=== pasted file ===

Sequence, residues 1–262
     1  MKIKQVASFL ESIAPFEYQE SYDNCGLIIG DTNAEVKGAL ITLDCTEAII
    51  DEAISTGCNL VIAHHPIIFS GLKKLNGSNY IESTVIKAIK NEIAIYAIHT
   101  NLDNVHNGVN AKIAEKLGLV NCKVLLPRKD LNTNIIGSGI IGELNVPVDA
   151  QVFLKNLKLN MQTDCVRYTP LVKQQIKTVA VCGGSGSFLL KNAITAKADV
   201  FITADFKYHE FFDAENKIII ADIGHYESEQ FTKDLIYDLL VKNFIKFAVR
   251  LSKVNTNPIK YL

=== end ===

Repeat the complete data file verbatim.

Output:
Sequence, residues 1–262
     1  MKIKQVASFL ESIAPFEYQE SYDNCGLIIG DTNAEVKGAL ITLDCTEAII
    51  DEAISTGCNL VIAHHPIIFS GLKKLNGSNY IESTVIKAIK NEIAIYAIHT
   101  NLDNVHNGVN AKIAEKLGLV NCKVLLPRKD LNTNIIGSGI IGELNVPVDA
   151  QVFLKNLKLN MQTDCVRYTP LVKQQIKTVA VCGGSGSFLL KNAITAKADV
   201  FITADFKYHE FFDAENKIII ADIGHYESEQ FTKDLIYDLL VKNFIKFAVR
   251  LSKVNTNPIK YL